The A5 Sportback’s petrol CO2 emissions span from 106 to 148g/km, while fuel efficiency figures range from 43.5 to 68.9mpg. 
Two diesel engines can be chosen for the A5 Sportback in general terms. First up is the 2.0 TDI in 150 and 190PS states of tune including ultra, the 2.0 TDI quattro feeling brisk with a 0-62mph time of 7.9 seconds, while the ultra boasts remarkable efficiency of 68.9mpg at the pump. 
The second A5 Sportback diesel engine is the powerful 3.0 TDI in 218 or 286PS forms, the latter incorporating an 8-speed tiptronic transmission and serving up a potent 620Nm torque along with a 5.3 seconds 0-62mph time. 
 
In terms of driving experience, The Audi is quieter, slightly more comfortable on standard suspension and more economical overall, whereas the VW accelerates faster.

Conclusion: Arteon 2.0 TSI 190PS blends performance and economy nicely

In numbers…

 

Volkswagen Arteon

Audi A5 Sportback

Min

Max

Min

Max

Power (HP)

150

280

150

286

Fuel (comb MPG)

38.7

65.7

43.5

68.9

Emissions (CO2, g/km)

112

164

106

148

Top Speed (mph)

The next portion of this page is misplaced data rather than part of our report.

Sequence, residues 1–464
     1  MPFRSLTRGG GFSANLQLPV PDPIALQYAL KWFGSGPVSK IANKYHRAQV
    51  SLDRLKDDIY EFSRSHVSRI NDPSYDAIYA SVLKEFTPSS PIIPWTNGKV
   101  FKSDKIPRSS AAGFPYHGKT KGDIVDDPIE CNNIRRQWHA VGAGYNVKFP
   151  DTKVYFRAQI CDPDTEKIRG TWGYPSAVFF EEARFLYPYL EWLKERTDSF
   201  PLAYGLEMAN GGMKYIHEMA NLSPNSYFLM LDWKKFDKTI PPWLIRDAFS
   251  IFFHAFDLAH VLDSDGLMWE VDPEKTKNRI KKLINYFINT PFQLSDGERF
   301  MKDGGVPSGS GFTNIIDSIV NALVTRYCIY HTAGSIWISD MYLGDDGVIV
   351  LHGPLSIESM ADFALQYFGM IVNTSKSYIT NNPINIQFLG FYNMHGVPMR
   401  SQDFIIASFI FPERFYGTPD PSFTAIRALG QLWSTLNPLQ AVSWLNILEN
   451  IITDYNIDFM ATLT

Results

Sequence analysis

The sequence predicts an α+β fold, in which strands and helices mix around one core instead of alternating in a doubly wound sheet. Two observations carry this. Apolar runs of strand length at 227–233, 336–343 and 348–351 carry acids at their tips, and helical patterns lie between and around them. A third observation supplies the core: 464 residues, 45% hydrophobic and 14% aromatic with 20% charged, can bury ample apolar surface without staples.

138

155

130

155

0 – 60mph in…. (seconds)

5.6

9.4

5.3

9.0

Price

£31,100

£31,885

£31,945

£44,915


Although ultimately backed by the same parent company, the Volkswagen Arteon and Audi A5 Sportback present quite different choices in the executive car market. The larger VW may be more linear in style but has tremendous road presence thanks to its bold design, while the more compact Audi appears smart and elegant but is slightly less striking in appearance. The Arteon’s interior is well-constructed but doesn’t feel as luxurious as the A5 does. Both offer plenty of engines to choose from and make excellent executive choices oozing with style, so why not test-drive each at Inchcape Audi and Inchcape Volkswagen?